The Opening For “How to Take the Fall” Has A Nice Pace
Authors J.B. Stevens and David Moloney discuss the opening for How to Take the Fall.
The First Line is a recurring column by J.B. Stevens. Mystery Tribune readers (you) get an inside look at what goes through the author’s mind as they craft their opening.
For the column, an author presents the initial sentence of their story. Then J.B. writes his impression of the passage. Next, the author discusses what their intent was with the line. To keep it interesting, J.B. writes his section before looking at the author’s description. Finally, you decide: Did the author achieve their goal?
In this edition, we’re checking out How to Take the Fall by David Moloney. David is the author of Barker House (2020, Bloomsbury) and a professor of creative writing. How to Take the Fallis Moloney’s current project—it is unpublished.
How to take the Fall— the opening line:
The bus-stop children outside his window are loud and before he opens his eyes, though he’s been awake for a good while, he can tell there are more today than usual.
This is a bit longer than the other openers submitted to my column, but I like it. As this is a crime/mystery/suspense-based column, anytime kids and bus stops come up my nerves tingle. Furthermore, the narrator has an internal sense/count of how many kids at the stop is a “normal” amount.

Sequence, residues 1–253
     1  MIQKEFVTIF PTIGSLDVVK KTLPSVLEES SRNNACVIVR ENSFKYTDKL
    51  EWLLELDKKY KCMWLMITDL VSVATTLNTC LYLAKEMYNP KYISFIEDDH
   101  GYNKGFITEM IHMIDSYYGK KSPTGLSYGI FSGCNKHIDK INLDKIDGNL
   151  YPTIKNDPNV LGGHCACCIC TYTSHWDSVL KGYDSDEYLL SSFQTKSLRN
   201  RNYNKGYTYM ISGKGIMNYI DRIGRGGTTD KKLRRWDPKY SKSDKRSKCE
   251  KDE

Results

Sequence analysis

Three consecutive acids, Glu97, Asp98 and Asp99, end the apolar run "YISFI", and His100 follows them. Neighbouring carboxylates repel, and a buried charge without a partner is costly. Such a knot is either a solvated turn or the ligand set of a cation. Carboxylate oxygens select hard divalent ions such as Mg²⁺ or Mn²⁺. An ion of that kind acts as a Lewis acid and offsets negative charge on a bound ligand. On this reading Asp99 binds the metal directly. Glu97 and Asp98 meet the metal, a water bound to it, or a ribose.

I wonder if something bad is going to happen involving the kids. The narrator knows how many should be there, so he knows how many could go missing… Maybe? I’m not sure, but I’d like to find out.
This one gave me some good story questions and a solid dose of dread.
What David was trying to achieve:
I was trying to show the change of seasons with this opening line. Spring has arrived though the protagonist is in a waiting period. He’s been suspended from work while under investigation for embezzlement. He’s been awake but doesn’t want to start his day. He’s avoiding his crime and its inevitable outcome.
After reading what the author was trying to achieve, I missed it. With that said, I like the pacing and structure of the line, a lot. I would read more of this book.
The online archive of J.B. Stevens’ First Line Column is available here.